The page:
The Malta Independent 20 May 2024, Monday
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Malta Air: Freedom of Information request for contract rejected

Kevin Schembri Orland Wednesday, 28 August 2019, 10:00 Last update: about 6 years ago

A Freedom of Information request asking for the full copy of the contract between the Ryan Air group and the Maltese government regarding the setting up of Malta Air has been rejected.

This newsroom sent the request to Tourism Ministry last July. The request was rejected on the grounds that the documents contain commercially sensitive information.

The full reason for the rejection reads: “The Ministry for Tourism refers to Article 32(1) of the Freedom of Information Act, which relates to disclosure of trade secrets, commercially valuable information, and information concerning business/commercial/financial information and on the basis of which a request for information may be refused. In view of the fact that the document requested contains information of this nature, the Ministry for Tourism reiterates its position and confirms that it is unable to accede to your request.”


This newsroom has contested this decision.

Last June, an agreement was signed by the Ministry for Tourism and Ryanair through which, the latter had formally acquired the shares in a specifically set-up subsidiary of Malta Air Travel Ltd (Malta Med Air), and in so doing establishing a formal presence in Malta through a dedicated Maltese airline company, through which the Ryanair group manages its Malta-based aircraft and other routes operated to and from Malta.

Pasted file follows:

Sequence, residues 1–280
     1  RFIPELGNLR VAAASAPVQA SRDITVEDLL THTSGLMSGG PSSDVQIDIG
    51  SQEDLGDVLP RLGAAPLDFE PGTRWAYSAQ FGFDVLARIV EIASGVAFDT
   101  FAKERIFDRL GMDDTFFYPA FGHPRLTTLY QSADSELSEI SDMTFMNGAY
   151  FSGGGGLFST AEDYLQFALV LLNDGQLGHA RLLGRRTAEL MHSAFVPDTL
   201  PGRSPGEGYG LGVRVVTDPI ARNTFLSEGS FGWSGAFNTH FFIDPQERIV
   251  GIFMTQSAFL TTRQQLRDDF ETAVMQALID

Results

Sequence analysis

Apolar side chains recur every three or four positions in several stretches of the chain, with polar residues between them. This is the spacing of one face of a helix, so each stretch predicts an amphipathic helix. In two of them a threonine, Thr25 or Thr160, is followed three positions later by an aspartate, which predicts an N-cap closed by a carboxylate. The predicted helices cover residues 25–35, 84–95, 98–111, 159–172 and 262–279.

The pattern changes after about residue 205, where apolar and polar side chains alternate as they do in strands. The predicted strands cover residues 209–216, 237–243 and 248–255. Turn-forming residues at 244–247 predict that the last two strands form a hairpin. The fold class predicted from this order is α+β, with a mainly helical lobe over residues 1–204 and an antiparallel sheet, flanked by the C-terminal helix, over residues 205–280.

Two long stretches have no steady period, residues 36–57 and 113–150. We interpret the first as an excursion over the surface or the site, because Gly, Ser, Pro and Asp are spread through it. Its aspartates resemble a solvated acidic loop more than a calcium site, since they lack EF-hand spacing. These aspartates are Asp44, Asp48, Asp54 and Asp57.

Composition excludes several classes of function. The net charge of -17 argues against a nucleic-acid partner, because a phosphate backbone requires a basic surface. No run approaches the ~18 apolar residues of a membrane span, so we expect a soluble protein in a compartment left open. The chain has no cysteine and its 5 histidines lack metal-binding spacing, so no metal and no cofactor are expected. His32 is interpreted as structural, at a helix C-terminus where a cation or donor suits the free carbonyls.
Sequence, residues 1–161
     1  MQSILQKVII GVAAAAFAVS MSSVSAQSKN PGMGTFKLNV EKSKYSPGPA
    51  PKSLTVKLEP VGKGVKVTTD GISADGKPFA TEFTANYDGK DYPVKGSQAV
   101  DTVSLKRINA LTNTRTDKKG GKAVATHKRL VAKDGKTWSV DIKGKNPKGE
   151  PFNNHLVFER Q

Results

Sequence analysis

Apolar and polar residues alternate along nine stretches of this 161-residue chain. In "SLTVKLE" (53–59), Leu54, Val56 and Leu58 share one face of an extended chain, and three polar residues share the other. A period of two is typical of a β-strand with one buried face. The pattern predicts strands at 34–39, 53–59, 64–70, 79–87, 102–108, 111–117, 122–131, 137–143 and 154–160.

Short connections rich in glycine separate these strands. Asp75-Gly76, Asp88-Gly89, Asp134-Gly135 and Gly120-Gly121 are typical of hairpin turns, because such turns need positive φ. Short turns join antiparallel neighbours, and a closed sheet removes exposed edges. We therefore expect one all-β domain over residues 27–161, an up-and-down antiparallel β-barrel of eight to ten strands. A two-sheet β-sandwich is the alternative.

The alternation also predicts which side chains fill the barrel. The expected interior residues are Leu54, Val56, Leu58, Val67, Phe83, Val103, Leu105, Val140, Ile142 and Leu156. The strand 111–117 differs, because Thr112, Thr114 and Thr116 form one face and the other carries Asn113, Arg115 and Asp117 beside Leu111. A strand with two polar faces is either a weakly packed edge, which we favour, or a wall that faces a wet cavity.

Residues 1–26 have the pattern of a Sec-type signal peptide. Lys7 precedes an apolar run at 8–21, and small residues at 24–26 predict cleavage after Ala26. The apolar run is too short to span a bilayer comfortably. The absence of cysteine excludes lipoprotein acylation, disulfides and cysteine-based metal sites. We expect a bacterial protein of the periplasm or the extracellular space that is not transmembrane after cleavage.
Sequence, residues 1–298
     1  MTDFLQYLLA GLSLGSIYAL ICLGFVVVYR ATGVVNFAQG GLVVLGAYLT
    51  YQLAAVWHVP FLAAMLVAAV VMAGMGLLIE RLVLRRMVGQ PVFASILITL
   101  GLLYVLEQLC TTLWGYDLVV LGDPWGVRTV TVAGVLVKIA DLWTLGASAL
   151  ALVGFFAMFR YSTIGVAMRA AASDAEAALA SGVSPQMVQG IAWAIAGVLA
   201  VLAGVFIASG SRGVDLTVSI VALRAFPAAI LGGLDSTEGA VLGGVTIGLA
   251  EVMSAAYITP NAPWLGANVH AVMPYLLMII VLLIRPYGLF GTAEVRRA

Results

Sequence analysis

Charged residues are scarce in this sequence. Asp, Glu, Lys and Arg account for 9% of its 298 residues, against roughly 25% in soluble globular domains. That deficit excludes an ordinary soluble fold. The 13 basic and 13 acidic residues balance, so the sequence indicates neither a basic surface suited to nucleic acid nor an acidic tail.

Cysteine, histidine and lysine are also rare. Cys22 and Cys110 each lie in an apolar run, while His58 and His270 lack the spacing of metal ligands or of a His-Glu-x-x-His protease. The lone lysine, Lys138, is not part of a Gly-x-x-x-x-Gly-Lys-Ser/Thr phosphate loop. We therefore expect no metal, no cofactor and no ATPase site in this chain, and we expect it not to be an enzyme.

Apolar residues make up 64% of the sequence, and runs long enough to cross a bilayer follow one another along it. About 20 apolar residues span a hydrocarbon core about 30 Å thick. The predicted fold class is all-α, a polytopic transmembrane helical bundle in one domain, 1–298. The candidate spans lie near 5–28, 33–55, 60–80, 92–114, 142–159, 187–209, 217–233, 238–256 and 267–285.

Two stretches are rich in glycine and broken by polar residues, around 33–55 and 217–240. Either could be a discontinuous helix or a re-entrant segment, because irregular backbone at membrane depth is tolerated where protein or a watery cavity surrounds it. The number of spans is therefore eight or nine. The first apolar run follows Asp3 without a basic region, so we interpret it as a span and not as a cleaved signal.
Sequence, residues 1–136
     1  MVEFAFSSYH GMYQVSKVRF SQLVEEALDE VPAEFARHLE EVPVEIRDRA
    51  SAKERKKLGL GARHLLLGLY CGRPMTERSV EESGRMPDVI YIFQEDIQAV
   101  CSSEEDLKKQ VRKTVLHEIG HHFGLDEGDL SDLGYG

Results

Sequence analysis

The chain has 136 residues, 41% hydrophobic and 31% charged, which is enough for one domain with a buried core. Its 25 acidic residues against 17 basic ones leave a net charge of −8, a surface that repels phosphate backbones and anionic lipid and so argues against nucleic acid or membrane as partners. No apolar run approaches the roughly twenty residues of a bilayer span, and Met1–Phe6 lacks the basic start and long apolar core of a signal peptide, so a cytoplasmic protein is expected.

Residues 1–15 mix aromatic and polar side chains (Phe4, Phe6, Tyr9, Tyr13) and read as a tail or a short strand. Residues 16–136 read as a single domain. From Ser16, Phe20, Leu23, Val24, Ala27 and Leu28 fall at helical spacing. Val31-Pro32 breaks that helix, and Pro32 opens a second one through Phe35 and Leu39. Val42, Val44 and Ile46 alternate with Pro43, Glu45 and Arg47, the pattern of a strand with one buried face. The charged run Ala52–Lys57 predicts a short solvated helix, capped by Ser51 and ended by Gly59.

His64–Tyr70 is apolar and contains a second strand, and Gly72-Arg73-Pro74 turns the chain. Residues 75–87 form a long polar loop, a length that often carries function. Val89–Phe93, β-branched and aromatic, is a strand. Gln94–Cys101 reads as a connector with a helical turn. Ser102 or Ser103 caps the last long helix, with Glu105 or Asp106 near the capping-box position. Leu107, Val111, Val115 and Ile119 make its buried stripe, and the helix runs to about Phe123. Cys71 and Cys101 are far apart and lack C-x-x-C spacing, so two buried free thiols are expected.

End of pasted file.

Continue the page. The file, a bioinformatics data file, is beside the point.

Malta Air was to initially have a fleet of six Boeing 737 aircraft based in Malta, but this will increase to ten aircraft within the next three years, an investment in the region of $1 billion. The airline was to initially employ 200 personnel, but this number is expected to increase to 350 personnel within three years. As part of the agreement, 50 Ryanair aircraft were to be registered in Malta’s jurisdiction and hence take the 9H registration code.

During the agreement signing, Tourism Minister Konrad Mizzi had said that while the airline is owned by Ryanair, the Maltese government has a “golden share” which can be used to protect Malta’s interests. He said that the government will have a veto right on a change in the company’s name and on a transfer of the Aircraft Operating Certificate or Aircraft Operating License to the oversight of a civil aviation authority outside of Malta.

While the government has continually indicated its dedication to Air Malta’s survival, concerns from the Air Malta pilots’ association were raised about this, and pilots were worried that this deal could harm Air Malta.

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